The Inspectorate would monitor the performance and effectiveness
of ERPs, as they do at the moment. Any ERP found to be operating
unsatisfactorily could have its delegated interim authority to
approve amendments suspended or withdrawn.
6.13 We envisage that the Inspectorate should
draw up guidance on which amendments should be considered "routine
or minor". Such amendments might include: the use of a different
strain (though not a different species), provided there was no
significant additional detriment to animal welfare; improvements
to animal welfare, such as environmental enrichment or the use
of better anaesthetics; small changes in the number of animals
used (for example up to 10%); and small changes to the procedures
used to obtain samples or administer test substances.
6.14 The Chief Inspector said that empowering
ERPs to make licensing decisions would require primary legislation
(Q. 1910). We do not believe this to be true in most instances
decisions are already delegated from the Secretary of State to
the Home Office. Moreover, we have heard that there is already
scope for the granting of interim authorities to make changes
Our proposal would simply extend this principle. We consider that
this problem can be overcome if there is the political will to
do so, especially as this recommendation, to slim down bureaucracy
and stimulate research, is in keeping with recent policy statements
6.15 We consider that the rapid processing of
routine or minor amendments has clear benefits, both in terms
of improving animal welfare and in terms of reducing the burden
of bureaucracy. We also consider that it will reduce the burden
of trivial work on Inspectors. Lord Sainsbury noted the problem
of excessive paperwork, which "was distracting the Inspectors
from getting on and considering the animal welfare because people
were spending a lot of time just processing the paper and ticking
boxes" (Q. 1667). Animal welfare will be improved if Inspectors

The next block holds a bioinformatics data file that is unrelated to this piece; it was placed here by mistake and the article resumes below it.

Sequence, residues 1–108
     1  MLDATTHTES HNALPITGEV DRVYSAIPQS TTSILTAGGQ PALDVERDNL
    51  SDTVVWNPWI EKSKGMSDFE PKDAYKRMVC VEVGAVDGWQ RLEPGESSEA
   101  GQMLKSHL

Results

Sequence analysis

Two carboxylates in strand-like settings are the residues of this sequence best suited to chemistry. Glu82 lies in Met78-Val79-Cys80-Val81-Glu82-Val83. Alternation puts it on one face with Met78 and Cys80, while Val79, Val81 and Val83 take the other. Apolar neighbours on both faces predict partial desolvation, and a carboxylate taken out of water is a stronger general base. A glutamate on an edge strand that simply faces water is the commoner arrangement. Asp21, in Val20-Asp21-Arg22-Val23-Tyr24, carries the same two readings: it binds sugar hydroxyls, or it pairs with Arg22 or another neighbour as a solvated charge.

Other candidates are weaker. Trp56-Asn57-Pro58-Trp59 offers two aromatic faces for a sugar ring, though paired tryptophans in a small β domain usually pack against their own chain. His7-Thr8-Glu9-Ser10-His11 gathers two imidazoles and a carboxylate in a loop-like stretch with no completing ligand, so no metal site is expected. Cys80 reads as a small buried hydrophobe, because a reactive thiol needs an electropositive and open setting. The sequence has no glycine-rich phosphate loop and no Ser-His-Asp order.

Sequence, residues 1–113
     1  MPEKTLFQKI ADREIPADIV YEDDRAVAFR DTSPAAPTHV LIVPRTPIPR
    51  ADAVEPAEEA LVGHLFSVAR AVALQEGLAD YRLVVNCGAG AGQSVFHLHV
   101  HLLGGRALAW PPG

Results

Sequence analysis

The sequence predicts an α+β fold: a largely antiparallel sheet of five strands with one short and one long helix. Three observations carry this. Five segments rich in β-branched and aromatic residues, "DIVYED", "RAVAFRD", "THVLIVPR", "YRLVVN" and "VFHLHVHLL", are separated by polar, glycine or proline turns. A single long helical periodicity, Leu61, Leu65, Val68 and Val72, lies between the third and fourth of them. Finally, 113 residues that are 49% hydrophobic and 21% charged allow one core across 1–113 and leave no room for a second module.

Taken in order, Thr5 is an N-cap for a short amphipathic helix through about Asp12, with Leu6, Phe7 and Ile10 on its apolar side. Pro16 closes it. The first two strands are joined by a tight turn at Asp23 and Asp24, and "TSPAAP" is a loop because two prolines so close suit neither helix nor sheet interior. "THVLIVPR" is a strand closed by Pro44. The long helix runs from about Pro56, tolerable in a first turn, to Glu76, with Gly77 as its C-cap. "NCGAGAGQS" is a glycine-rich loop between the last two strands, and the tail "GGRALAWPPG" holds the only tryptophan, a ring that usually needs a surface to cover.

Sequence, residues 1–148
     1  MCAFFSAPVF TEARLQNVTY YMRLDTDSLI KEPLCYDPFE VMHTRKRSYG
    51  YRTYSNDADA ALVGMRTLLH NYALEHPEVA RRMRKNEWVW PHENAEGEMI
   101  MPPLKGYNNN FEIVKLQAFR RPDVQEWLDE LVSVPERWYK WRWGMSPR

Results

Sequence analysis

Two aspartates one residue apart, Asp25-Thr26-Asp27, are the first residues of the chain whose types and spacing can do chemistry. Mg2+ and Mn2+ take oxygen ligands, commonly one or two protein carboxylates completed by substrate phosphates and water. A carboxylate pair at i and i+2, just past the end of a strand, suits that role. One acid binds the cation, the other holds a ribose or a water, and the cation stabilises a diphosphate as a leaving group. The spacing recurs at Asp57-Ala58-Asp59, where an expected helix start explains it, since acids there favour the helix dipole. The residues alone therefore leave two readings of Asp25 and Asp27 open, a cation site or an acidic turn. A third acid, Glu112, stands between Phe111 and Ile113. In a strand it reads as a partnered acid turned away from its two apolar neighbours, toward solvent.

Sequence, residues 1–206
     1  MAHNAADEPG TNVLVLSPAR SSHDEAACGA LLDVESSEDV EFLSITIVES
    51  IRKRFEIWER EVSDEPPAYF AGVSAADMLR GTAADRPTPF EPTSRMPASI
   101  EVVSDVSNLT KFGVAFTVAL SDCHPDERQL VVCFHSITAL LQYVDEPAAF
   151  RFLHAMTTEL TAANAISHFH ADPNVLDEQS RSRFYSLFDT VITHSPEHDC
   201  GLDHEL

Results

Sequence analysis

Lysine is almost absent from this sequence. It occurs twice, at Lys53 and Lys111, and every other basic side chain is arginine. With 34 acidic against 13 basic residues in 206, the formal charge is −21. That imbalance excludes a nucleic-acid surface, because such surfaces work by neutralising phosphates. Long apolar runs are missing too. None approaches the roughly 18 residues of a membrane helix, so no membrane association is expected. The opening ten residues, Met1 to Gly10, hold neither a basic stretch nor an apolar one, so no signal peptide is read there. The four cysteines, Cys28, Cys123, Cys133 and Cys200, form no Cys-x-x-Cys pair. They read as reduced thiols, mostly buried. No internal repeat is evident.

are given more time to make full use of their extensive expertise.
6.16 With this recommendation our intention is
clear to reduce the burden of unnecessary bureaucracy
and associated costs and delays. We consider that this proposal
will also have a beneficial effect on animal welfare, both by
speeding up the implementation of amendments which improve animal
welfare, and by preventing unnecessary animal use. We have no
wish to impose further burdens on ERPs, the Inspectorate, or the
Home Office. We emphasise that these suggestions rely on a reasonable
interpretation being made of "routine or minor" amendments.
We do not intend to compromise animal welfare, but equally these
recommendations will have no effect if the Home Office defines
"routine or minor" amendments to include only the most
trivial of changes. It may well be that any changes are best made
by operating pilot schemes, or by gradually extending the definition
of "routine or minor". We have made what we consider
to be realistic and practical suggestions for dealing with a problem
presented to us by many witnesses. It is up to the Home Office
to consider these recommendations in the spirit in which they
are made, and make a clear commitment to operating the Act as
effectively and efficiently as possible.
MEMBERSHIP OF THE ERP
6.17 In order to ensure that ERPs are of sufficiently
high standard, and to maintain public confidence in the regulatory
system, we consider that ERPs should be strengthened.